Wednesday, February 12, 2014

Growing Up Lutheran - Hot Dish

Hot Dish - if you are all or part Scandahoovian heritage as I am, you  know what hot dish is, the bastard offspring of leftovers and a can of cream of something soup.

It's common in Scandahoovian cooking and a veritable staple in the Lutheran Church Basement dinners that were a big part of my childhood. Hot Dishes were an easy, economical way to put supper on the table as well as use up leftovers on hand.

Ever have a craving for a warm, hearty hot dish? You too might be part Scandahoovian. Here is a short test.

1) Lutefisk is to food as ___________ is to fun:
A. a singles cruise with the Democratic party
B. Hazardous Waste Clean up
C. a colonoscopy

(2)  Finish this sentence.  "Did you hear. . .
(A).  'bout the new spice store  in Ballard
(B.)  'bout the new instant decaf coffee
(C.) 'bout the lutefisk spill over at Abbediengveien Way ? Geese are still dropping out of the sky.

(3) You have gotten into a disagreement with the customs agent at Oslo and accidentally call him a Quisling. What do you do now?
A. Hold up the Scandahoovian/English tourist dictionary and apologize profusely
B. Pray he didn't hear you
C. Nothing. Die with your boots on

(4) For the your favorite  in self defense technology you reach for:
A.   A 1911 in .45
B.  A Colt Python
CAssault Herring 

For me, hot dish was, and still is, comfort food. Some of the earliest discoveries of the hot dish were going to ladies church functions with my Mom, held in the basement of the Lutheran church. Of course there were always the baked goods, rolls, breads cookies. The smell of fresh cardamom bread takes me back there in only moments, and I still make it for Sunday breakfast sometime and there is no better assortment of wonderful Christmas cookies than in the Scandahoovian kitchen.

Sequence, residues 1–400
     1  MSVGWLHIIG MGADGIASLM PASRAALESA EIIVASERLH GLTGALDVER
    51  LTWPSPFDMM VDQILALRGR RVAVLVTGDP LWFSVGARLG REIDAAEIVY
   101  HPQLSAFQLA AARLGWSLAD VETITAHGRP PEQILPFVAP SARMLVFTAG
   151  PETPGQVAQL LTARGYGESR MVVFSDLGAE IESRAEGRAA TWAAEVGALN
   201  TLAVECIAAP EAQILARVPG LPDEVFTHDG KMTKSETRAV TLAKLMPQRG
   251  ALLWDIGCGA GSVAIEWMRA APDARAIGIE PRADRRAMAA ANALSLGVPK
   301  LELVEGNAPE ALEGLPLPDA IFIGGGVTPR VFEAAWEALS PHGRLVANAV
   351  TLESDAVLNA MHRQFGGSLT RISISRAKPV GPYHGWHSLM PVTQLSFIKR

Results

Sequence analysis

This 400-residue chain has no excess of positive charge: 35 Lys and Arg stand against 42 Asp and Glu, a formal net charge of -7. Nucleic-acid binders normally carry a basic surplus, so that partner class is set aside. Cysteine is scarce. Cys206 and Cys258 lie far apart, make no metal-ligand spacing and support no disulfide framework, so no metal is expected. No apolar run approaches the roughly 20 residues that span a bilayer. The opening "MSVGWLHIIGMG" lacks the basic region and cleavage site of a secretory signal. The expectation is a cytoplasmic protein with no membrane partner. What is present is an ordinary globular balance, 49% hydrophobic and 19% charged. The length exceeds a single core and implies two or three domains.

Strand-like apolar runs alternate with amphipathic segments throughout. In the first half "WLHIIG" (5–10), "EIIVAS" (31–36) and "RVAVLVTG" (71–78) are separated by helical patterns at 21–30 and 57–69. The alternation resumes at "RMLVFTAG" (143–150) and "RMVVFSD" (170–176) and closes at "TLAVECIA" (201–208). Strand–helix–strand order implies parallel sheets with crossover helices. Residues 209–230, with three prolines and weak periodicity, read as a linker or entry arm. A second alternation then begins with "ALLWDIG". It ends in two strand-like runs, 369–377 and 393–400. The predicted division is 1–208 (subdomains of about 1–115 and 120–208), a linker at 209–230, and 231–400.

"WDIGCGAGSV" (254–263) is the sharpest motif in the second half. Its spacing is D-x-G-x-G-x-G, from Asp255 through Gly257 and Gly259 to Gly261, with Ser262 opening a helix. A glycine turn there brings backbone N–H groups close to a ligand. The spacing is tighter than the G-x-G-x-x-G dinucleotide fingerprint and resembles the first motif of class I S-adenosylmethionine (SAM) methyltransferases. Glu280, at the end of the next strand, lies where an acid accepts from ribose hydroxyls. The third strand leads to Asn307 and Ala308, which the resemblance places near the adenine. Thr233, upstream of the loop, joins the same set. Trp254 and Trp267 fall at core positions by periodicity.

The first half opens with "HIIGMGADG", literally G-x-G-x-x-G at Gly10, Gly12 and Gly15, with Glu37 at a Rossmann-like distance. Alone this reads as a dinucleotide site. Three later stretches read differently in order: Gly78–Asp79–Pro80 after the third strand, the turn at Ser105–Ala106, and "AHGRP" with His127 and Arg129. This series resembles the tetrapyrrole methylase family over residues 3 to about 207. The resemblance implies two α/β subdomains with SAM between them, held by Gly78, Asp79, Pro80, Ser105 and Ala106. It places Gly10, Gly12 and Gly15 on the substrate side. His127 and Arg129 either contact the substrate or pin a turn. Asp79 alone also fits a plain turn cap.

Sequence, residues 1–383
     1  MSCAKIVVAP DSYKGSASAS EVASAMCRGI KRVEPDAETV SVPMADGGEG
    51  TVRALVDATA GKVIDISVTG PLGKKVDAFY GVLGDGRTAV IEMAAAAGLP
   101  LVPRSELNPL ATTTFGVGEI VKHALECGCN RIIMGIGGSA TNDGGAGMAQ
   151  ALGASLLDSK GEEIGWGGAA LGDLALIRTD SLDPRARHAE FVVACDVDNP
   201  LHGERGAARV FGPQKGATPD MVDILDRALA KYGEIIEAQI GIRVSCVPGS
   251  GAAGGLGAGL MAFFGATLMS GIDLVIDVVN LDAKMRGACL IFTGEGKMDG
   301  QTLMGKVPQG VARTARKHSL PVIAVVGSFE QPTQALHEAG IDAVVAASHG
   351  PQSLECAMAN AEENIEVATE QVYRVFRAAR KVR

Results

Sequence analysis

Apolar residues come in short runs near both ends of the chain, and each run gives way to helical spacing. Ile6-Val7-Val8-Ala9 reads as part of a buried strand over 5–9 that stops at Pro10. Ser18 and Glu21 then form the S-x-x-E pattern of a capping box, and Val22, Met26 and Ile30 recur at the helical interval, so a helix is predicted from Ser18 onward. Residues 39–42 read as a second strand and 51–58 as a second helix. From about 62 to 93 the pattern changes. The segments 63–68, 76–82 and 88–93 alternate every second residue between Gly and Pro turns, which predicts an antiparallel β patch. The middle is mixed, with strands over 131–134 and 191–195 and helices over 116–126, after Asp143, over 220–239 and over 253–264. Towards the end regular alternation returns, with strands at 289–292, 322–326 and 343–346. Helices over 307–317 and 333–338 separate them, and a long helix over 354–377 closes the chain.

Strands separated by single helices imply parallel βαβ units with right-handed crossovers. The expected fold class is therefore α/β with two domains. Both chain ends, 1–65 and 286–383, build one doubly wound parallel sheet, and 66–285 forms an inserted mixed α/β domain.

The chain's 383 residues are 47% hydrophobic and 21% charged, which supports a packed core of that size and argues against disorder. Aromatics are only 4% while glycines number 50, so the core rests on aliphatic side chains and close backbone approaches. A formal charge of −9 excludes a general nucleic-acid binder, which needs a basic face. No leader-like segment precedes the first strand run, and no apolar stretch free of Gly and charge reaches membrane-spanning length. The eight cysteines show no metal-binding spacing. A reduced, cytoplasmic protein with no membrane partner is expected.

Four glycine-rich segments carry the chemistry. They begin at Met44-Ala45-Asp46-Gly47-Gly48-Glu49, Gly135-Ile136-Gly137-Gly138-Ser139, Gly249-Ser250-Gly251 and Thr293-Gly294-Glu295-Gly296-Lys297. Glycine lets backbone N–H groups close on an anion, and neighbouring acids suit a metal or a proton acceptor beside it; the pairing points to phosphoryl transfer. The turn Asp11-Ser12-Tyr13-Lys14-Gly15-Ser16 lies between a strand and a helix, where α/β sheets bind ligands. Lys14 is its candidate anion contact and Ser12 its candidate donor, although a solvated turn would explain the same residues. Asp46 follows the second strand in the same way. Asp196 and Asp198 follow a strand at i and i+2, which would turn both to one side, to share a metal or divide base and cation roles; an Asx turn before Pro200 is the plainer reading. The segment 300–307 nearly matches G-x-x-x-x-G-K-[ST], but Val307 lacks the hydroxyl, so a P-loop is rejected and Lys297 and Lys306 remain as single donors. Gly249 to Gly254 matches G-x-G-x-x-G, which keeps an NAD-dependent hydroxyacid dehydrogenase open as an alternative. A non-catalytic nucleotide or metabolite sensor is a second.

But what sticks out in my memory today, was all of the hot dishes laid out by the women on the tables, invariably covered with tater tots, bacon bits, shoe string potatoes, chow mein noodles, cashews and almonds (but only for Confirmations) , hard boiled eggs or crushed potato chips. Macaroni (especially the Creamette "Salad-ettes") was almost always involved and well cooked (al dente is for wimps!)

Of course, there was a "Cream of" soup as a binder for about everything. Cream of Asparagus, Cream of Mushroom. Cream of Chicken. Cream of Herring (OK, maybe that was celery).  The food was fairly bland, most cupboards only containing only cardamon and cinnamon, salt and pepper, onion salt, MSG or Lowrey's it seemed. It was also quite pale, lots of macaroni and chicken and cream of soup will do that, even the non white food (meatballs, meatcakes) having a thick blanket whitening agent on it (white gravy).  As kids we ate it all up, the ones with the crushed potato chips on them being our favorite and often requested on "liver and onion night" when Mom would make us something of our own to eat while Dad enjoyed his favorite.